Spirituality in Daily Life & Work – “Adam Bede” by George Eliot (July 2014)

Susan's Thursday morning note July 10, 2014
George Eliot's "Adam Bede"
Spirituality in everyday life - not only in church service

Good morning!  The beauty of each calm morning. The angel of dawn has again arrived and handed us the gift of a new dawn. Another beginning.  Robins continuing their story.  One exuberant cardinal joining the choir.  Life.  How I love the first moment of dawn hearing the first bird practicing his notes…not realizing he has an appreciative audience awakening to his notes.  Letting him be my backdrop as I picture my gold in other rooms of my house still asleep.

This week I have begun to tackle Adam Bede by George Eliot (pen name of Mary Ann Evans), first published in 1859.  In the opening chapter there is a discussion among carpenters about a revival taking place that evening in their town, with one of the carpenters pressuring the others to attend.  Adam Bede, in response to the pressure of attending the service, gives the following argument for worshiping God in our daily lives, during our days & with our work in comparison with only worshiping in a religious setting.  Following this paragraph are quotes by George Eliot, quotes that hopefully will take residence in our minds this week…keeping a perspective of what makes life beautiful.

“Nay, Seth, lad: I’m not for laughing at no man’s religion. Let ‘em follow their consciences, that’s all.  Only I think it ‘ud be better if their consciences ‘ud let ‘em stay quiet i’ the church – there’s a deal to be learnt there. And there’s such a thing as being over-speritial; we must have something besides Gospel i’ this world.  Look at the canals, an’ th’ aqueducs, an’ th’ coal-pit engines, and Arkwright’s mills there at Cromford; a man must learn summat beside Gospel to make them things, I reckon. But t’ hear some o’ them preachers, you’d think as a man must be doing nothing all’s life but shutting’s eyes and looking what’s a-going on inside him.  I know a man must have the love o’ God in his soul, and the Bible’s God’s word. But what does the Bible say?  Why, it says as God put his sperrit into the workman as built the tabernacle, to make him do all the carved work and things as wanted a nice hand.  And this is my way o’ looking at it: there’s the sperrit o’ God in all things and all times – weekday as well as Sunday – and I’ the great works and inventions, and I’ the figuring and the mechanics. And God helps us with our headpieces and our hands as well as with our souls; and if a man does bits o’ jobs out o’ working hours – builds a oven for ‘s wife to save her form going to the bakehouse, or scrats at his big o’ garden and makes two potatoes grow instead o’ one, he’s doing more good and he’s just as near to God, as if he was running after some preacher and a-praying and a-groaning.”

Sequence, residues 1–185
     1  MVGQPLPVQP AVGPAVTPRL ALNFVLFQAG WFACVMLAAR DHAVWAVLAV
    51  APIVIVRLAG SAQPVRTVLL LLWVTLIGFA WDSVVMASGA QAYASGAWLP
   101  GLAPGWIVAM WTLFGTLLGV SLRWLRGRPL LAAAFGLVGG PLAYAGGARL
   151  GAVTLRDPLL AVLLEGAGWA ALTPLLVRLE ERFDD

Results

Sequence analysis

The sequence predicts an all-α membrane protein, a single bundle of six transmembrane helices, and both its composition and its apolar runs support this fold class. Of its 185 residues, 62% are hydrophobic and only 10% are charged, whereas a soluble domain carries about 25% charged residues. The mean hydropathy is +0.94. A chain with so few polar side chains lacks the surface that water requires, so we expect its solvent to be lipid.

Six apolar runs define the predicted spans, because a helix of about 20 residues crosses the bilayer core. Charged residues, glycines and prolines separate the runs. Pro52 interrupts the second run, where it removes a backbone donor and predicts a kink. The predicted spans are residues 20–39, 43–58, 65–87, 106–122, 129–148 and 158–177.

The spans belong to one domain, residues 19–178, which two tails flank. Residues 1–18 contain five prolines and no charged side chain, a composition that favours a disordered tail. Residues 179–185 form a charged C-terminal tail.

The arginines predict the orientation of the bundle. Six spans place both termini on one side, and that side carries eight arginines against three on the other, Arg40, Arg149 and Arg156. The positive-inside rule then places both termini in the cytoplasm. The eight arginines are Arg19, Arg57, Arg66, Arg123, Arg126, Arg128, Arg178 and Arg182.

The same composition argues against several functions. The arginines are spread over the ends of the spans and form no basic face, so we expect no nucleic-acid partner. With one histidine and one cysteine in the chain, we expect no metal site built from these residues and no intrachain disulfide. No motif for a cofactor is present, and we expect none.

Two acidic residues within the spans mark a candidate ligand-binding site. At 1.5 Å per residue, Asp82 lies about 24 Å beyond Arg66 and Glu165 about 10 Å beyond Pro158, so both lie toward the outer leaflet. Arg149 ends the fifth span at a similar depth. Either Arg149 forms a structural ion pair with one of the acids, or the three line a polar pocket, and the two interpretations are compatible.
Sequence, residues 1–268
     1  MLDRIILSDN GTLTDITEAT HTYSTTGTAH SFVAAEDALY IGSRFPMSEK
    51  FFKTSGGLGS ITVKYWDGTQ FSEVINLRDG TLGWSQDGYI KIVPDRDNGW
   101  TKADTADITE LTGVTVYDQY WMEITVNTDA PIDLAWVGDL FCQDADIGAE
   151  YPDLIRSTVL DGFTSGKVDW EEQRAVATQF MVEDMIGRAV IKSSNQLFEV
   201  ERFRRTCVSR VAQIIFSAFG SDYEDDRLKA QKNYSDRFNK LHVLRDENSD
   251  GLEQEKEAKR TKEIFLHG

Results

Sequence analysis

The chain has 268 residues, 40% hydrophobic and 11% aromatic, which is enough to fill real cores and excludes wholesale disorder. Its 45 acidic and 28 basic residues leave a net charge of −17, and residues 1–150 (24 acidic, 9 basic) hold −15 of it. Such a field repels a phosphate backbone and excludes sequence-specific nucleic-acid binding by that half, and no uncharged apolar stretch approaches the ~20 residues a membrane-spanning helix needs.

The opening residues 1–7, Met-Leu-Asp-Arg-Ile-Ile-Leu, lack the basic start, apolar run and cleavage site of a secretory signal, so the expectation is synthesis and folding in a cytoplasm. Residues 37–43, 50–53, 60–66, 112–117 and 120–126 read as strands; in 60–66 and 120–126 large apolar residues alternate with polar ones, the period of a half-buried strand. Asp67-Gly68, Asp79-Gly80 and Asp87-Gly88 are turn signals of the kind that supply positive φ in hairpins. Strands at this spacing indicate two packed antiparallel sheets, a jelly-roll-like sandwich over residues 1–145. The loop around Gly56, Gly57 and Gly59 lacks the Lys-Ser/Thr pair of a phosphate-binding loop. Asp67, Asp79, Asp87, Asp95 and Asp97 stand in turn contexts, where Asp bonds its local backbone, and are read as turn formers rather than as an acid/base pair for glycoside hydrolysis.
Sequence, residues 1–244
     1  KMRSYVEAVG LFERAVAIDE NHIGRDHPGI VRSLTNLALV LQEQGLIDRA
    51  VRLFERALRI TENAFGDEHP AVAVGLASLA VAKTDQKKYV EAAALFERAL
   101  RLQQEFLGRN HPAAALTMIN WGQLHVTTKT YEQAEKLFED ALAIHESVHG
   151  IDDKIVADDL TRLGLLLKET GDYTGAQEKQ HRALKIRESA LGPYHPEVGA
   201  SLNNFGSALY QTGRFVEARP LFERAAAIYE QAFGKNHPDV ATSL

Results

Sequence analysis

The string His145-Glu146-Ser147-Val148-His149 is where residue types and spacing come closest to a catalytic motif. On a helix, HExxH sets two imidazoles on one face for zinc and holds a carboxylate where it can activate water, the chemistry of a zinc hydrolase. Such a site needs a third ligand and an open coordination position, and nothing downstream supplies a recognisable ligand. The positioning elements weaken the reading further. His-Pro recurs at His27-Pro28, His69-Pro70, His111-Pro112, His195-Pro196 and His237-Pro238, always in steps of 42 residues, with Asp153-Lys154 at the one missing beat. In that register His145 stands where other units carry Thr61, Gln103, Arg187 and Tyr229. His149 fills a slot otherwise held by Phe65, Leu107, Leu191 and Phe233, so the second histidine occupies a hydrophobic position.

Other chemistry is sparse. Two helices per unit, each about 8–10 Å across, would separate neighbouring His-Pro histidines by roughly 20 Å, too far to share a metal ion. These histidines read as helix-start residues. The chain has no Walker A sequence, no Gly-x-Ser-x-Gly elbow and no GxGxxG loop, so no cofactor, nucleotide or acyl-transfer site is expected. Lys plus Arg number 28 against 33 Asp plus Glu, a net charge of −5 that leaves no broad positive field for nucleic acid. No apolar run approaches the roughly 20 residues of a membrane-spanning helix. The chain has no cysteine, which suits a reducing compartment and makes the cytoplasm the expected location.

“Oh, the comfort, the inexpressible comfort of feeling safe with a person; having neither to weigh thoughts nor measure words, but to pour them all out, just as they are, chaff and grain together, knowing that a faithful hand will take and sift them, keep what is worth keeping, and then, with a breath of kindness, blow the rest away.”

“What do we live for, if it is not to make life less difficult for each other?”

“What greater thing is there for two human souls, than to feel that they are joined for life–to strengthen each other in all labor, to rest on each other in all sorrow, to minister to each other in all pain, to be one with each other in silent unspeakable memories at the moment of the last parting?”

“It seems to me we can never give up longing and wishing while we are still alive. There are certain things we feel to be beautiful and good, and we must hunger for them.”

“Pride helps us; and pride is not a bad thing when it only urges us to hide our own hurts—not to hurt others.”

“Only in the agony of parting do we look into the depths of love.”

“There is no feeling, except the extremes of fear and grief, that does not find relief in music.”

“Animals are such agreeable friends – they ask no questions, they pass no criticisms.”

“She was no longer wrestling with the grief, but could sit down with it as a lasting companion and make it a sharer in her thoughts.

“The golden moments in the stream of life rush past us and we see nothing but sand; the angels come to visit us, and we only know them when they are gone. ”

“Life began with waking up and loving my mother’s face.”

Thank you for letting me enter your Thursday again.  Tonight we will have the chance to look back on our day and find words to put on on the stone epitaph in our minds of the moments we use today.  Will we have moments worthy of inscription?  Moments we were still.  Still in our minds even if not outward?  Will we notice details in nature?  Will we notice the eyes of who we have the privilege of loving?  Will we keep an eternal perspective?  Thinking of our goals for who we want to be years from now and working towards those goals?  Thinking of who we want to be when we die?  What memories do we want to have?  Will we take the time to make them?  Have a beautiful end of the week.  Thank you for bringing us your books, coming to our store for your gifts, and for letting me have this beautiful store.  Susan


Latin for this week:
adoratio – worship
Deus et natua non faciunt frusta – God and nature do not work together in vain.

Works Cited:
Eliot, George. Adam Bede. New York. Dodd, Mead, & Co.1947